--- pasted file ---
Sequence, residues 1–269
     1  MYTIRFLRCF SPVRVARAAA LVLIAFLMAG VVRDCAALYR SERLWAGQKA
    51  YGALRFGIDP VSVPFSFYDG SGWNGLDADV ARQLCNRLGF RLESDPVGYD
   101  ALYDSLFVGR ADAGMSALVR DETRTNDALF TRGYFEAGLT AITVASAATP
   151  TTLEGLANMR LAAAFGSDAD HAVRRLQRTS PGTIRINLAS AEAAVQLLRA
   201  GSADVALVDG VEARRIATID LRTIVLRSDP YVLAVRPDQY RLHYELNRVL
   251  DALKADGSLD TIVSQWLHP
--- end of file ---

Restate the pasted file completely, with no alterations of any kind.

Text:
Sequence, residues 1–269
     1  MYTIRFLRCF SPVRVARAAA LVLIAFLMAG VVRDCAALYR SERLWAGQKA
    51  YGALRFGIDP VSVPFSFYDG SGWNGLDADV ARQLCNRLGF RLESDPVGYD
   101  ALYDSLFVGR ADAGMSALVR DETRTNDALF TRGYFEAGLT AITVASAATP
   151  TTLEGLANMR LAAAFGSDAD HAVRRLQRTS PGTIRINLAS AEAAVQLLRA
   201  GSADVALVDG VEARRIATID LRTIVLRSDP YVLAVRPDQY RLHYELNRVL
   251  DALKADGSLD TIVSQWLHP